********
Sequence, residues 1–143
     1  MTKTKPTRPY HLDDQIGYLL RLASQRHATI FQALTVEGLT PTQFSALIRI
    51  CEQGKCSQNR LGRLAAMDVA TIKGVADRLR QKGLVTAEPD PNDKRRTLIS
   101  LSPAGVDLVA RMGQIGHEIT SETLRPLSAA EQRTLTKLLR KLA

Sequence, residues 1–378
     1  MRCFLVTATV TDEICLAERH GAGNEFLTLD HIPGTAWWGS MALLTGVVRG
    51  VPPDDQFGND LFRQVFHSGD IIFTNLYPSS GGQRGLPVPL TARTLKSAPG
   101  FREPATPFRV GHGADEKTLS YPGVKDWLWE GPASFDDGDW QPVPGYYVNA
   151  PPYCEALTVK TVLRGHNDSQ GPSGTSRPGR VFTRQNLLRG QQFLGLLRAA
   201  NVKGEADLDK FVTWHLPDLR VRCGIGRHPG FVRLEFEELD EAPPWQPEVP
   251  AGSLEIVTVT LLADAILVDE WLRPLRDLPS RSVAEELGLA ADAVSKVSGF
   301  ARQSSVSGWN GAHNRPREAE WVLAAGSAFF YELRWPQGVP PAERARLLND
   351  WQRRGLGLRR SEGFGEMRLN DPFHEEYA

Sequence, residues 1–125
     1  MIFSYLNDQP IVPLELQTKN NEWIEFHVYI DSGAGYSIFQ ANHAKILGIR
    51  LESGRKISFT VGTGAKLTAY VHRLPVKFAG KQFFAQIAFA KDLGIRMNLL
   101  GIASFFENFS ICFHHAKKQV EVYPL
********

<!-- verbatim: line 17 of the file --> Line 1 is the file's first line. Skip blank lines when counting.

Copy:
   101  GIASFFENFS ICFHHAKKQV EVYPL